Vitamin C is a potent vitamin that has various effects for both body and skin. It has several advantages, including the ability to lessen hyperpigmentation, reduce fine wrinkles, and increase overall radiance, comparable to the glow you get after drinking freshly squeezed orange juice. However, amazing skincare components come with tremendous responsibility, and we’re not simply referring to the fact that certain vitamin C solutions are less effective than others. Although vitamin C is a potent ingredient that is added to most skincare products, it can cause various side-effects for those with sensitive skin. Certain types of vitamin C can be extremely irritating, causing dryness, exfoliation, and inflammation. However, after reading this article, you should not discard your vitamin C serums or moisturizers. According to specialists, the irritation is heavily dependent on the reactions that occurs on your face throughout your skincare regimen. This is the link you can go now to read experts’ ideas about the beneficial effects of adding appropriate form of vitamin C to your skincare routine.
The Reason behind Irritation Caused by Vitamin C
There are a lot of chemical reactions involved here, according to dermatologists. Some of the factors causing irritation are related to the pH of the formula, the skin’s pH, and the interaction between them. People with sensitive skin are highly prone to irritating reactions caused by LL-A. L-AA must be manufactured at a very low pH to be stable in water. This very acidic pH provides maximum stability but restricted skin compatibility, promoting exfoliation while reducing barrier function, which is why many people with sensitive skin experience peeling, redness, and various other side-effects after applying vitamin C serums. For people with sensitive skin, the more effective the type of vitamin C, the more irritating it is. Other variables or components, which may appear to be favorable at first, might exacerbate the impact.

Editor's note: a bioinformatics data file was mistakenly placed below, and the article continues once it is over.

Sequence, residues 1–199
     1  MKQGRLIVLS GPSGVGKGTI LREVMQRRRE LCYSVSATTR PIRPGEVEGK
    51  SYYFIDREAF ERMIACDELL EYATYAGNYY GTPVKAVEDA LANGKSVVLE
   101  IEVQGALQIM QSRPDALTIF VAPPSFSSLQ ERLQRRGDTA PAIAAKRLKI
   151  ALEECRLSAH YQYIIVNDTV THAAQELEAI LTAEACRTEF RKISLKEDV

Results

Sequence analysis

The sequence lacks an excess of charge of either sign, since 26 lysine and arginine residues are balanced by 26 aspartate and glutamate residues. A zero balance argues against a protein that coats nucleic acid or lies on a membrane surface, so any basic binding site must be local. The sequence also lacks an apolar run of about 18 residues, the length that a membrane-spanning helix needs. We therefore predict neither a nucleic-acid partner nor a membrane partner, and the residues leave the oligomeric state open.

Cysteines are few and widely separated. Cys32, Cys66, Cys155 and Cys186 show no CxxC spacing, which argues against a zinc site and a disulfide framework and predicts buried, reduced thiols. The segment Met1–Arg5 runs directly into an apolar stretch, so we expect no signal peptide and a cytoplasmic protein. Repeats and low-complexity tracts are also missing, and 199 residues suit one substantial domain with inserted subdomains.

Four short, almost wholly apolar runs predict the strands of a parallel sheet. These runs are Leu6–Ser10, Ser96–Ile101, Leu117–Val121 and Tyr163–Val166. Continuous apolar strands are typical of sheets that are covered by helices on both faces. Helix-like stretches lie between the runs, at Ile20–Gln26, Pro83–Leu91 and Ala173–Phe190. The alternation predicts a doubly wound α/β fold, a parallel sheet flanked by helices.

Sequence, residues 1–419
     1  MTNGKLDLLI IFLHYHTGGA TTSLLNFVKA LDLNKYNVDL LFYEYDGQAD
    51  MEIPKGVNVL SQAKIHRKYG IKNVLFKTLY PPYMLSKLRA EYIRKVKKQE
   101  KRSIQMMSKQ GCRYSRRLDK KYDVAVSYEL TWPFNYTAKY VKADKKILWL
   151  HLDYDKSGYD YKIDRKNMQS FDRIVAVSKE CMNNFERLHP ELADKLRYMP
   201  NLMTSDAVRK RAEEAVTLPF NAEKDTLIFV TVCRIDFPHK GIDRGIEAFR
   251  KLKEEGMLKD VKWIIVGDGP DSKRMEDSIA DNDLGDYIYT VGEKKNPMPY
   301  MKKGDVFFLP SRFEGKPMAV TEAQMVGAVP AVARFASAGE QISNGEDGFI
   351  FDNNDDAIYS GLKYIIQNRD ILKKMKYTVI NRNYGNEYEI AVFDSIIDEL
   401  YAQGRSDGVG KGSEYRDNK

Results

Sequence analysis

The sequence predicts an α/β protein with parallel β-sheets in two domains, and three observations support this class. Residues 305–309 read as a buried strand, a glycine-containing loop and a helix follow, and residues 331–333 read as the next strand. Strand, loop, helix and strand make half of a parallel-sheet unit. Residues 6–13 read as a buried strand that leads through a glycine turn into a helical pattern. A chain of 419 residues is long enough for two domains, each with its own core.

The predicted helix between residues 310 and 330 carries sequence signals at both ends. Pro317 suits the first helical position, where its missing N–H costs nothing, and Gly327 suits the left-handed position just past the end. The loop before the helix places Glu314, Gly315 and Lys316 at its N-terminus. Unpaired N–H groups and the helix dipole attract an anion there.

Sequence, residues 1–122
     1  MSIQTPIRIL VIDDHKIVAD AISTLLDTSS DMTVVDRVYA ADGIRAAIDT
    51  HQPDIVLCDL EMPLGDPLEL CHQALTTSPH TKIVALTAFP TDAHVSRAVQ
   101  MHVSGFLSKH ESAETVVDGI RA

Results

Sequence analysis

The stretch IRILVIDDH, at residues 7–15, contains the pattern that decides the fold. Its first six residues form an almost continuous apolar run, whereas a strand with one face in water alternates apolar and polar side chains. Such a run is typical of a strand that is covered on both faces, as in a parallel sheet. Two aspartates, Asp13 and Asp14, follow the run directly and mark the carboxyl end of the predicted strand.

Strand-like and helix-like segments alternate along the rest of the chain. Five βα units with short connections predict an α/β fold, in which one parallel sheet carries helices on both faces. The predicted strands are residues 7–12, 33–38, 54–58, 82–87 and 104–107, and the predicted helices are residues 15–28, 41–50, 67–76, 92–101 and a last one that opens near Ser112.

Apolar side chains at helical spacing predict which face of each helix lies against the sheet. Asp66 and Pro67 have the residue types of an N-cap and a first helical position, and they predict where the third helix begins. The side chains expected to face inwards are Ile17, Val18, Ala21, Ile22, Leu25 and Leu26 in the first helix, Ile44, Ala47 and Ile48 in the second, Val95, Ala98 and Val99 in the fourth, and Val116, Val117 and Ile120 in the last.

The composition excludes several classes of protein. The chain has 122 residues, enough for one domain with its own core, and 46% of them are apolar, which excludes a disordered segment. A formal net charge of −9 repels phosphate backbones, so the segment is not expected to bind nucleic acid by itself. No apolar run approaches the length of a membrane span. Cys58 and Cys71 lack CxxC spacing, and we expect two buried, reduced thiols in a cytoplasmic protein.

How to Prevent Irritation Caused by Vitamin C
It really simple to reduce the irritating effects of vitamin C. It’s also a good idea to gradually add vitamin C products into your program, treating them as the potent substance. It is feasible to begin with a lower vitamin C content and gradually increase it. Dermatologists advise that clients start with a serum with a lower vitamin C content, such as 10%. Furthermore, when adding a new skincare product to your routine, it’s usually better to start slowly by conducting a patch test. It is also good to start with longer intervals, which means applying the vitamin C serum once or twice a week to help your skin get used to it.
Why Is Your Skin Prone to Vitamin C Irritation?
Last but not least, keep in mind that not everyone has sensitive skin and will experience similar problems. Dermatologists identify three possible causes of vitamin C irritability in the skin:
1. A weakened skin barrier may be to blame
2. Your skin may not be able to endure excessive pH level swings,
3. Your skin may not be able to re-adjust its pH level after vitamin C application.
So, how can you know how your skin will respond or what’s causing any redness or irritation? Make an appointment with a dermatologist. If something in your skincare regimen causes your skin to get irritated, the best thing you can do is contact your dermatologist for assistance in determining the source of the irritation. By doing this, you’ll have a better idea as to which sort of vitamin C actually works for your skin before you pay on any premium formula.
Vitamin C is one of the main ingredients found in most skincare products including serums. However, some people with sensitive skin try to avoid vitamin C serums due to irritations such as redness, inflammation, and itching of the skin caused by this potent vitamin. We’ve discussed the reason for the irritation, and the final word to say is that not all types of vitamin C cause irritation. Therefore, you can consult your dermatologist to find the one that suits your sensitive skin and enjoy its wonderful revitalizing benefits.